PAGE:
“At school, I learned the skill of painting on silk from the top specialists in the field. In the end though, it’s something quite limited. I still paint my designs using oil paints or watercolours, then I use digital printing to reproduce them on my clothes,” said Rustamova, speaking in a hall of the Ritz Hotel, where she showed her collection for the Paris Haute Couture Week.


A hi-tech model by Gyunel - DR


“I also use laser cuts and 3D printing. Technology is ubiquitous these days. It pushes the envelope of creativity and affords a wealth of possibilities, especially for small start-ups,” added Rustamova.

Young Armenian designer Armine Ohanyan, who also showed on the fringes of the Haute Couture Week, is another adept of techno-fashion. 3D printing, laser cutting and unusual materials like silicone all play a part in her creative technique. On occasion, she also ventured into staging eclectic artistic performances to showcase her work.

The same goes for Yuima Nakazato, 33, an expert in needleless, threadless digital couture. On Thursday, his was the final show of the Haute Couture Week in Paris, where he has been showing since 2016. “For me, technology is simply a tool, albeit an essential one, because it allows us to embrace new perspectives,” said the Japanese designer, wearing a white shirt as he mingled with the audience to explain his creative approach.

Nakazato’s wasn’t a spectacular show, nor were the clothes futuristic. Gone too were the machines which featured on the catwalk last year, a 3D scanner and a laser-cutting machine which measured up the customers and cut the various fabric sections that were then assembled together. Nakazato, who studied at Antwerp’s Fashion Academy and worked as a costume designer in cinema and theatre for a long time, before founding his fashion label in 2015, this time opted for a more private presentation, showcasing more of an everyday collection with highly wearable clothes, though still extremely distinctive.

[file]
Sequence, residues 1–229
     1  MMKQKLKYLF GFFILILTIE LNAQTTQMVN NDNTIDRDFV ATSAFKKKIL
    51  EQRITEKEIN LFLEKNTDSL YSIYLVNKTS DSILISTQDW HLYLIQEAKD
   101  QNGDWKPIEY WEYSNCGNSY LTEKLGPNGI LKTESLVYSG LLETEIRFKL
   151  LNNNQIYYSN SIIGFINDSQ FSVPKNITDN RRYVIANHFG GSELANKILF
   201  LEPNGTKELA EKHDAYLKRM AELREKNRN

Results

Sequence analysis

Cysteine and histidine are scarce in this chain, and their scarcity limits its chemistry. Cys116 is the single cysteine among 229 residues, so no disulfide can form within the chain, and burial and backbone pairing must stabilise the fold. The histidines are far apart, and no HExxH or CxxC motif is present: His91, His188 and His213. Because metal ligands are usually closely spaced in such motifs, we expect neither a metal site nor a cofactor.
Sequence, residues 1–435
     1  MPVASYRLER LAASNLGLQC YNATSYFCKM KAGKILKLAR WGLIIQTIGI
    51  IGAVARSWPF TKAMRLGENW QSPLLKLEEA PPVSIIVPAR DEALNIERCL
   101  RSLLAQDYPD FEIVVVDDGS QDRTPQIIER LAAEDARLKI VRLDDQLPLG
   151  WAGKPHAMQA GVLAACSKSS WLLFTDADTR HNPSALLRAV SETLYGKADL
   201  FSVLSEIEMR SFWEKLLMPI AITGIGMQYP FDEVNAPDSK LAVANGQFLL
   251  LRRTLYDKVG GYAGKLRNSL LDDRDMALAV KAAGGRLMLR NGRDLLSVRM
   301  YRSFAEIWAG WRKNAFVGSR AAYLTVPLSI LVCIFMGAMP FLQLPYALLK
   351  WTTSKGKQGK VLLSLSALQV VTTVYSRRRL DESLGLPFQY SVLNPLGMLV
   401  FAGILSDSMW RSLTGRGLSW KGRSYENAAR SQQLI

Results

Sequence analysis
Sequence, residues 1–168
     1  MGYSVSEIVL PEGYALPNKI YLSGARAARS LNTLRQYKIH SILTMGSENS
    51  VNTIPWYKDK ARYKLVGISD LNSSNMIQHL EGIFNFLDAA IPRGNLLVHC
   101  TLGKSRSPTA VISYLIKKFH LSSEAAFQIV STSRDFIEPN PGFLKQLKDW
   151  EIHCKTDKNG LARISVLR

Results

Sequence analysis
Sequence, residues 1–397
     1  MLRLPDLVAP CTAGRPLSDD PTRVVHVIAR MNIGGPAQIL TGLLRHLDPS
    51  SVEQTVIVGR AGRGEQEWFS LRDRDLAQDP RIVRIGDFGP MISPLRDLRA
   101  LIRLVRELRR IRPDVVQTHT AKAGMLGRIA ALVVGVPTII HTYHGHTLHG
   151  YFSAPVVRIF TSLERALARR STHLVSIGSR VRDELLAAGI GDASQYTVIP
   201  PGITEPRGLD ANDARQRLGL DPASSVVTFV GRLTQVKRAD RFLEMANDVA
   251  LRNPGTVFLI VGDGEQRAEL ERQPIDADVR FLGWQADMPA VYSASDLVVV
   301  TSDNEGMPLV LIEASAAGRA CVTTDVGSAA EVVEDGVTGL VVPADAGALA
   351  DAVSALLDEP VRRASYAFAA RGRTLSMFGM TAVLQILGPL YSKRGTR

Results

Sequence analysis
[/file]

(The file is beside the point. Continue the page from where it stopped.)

Yuima Nakazato's modern-day craftsmanship - ph Dominique Mure


He conceived a story centred around eight characters of different age and outlook, creating for each of them an outfit into which their history, background and personality were literally woven. Nakazato assembled in each outfit, using  the threadless technique he devised, various different swathes of fabric, all of them having special significance for his characters.

An older woman whose dress reproduced her husband's paintings; a photographer with a passion for the Silk Route; an indigo dye specialist; a woman whose wedding dress was made from her grandmother’s lingerie; a costume referencing the various steps in a dancer’s career; a shirt blending the clothes of a son and a father, both rock music fans; a nine-year-old kid who dreams of becoming an astronaut and a four-year-old girl whose dress was made out of her plush toys.

Technology faded in the background, while highly sartorial customisation and great handmade quality took centre stage. Nakazato is a great story-teller, and his understated yet effective installation, featuring a poetic video clip and superb pictures, was a success. As was the way the clothes were presented, with the initial items shown alongside the ones that were assembled from the customers’ memories, while a modern-day craftsman put together a dress in front of the audience, by slotting into microscopic holes the tiny clips used instead of thread.

“Technology will never replace handicraft. A robot cannot replicate gestures that are so minute and meticulous. Even if innovation is part of our daily lives, it will never replace the expertise of fashion ateliers,” said Pascal Morand, president of the French Haute Couture and Fashion Federation, who attended the show.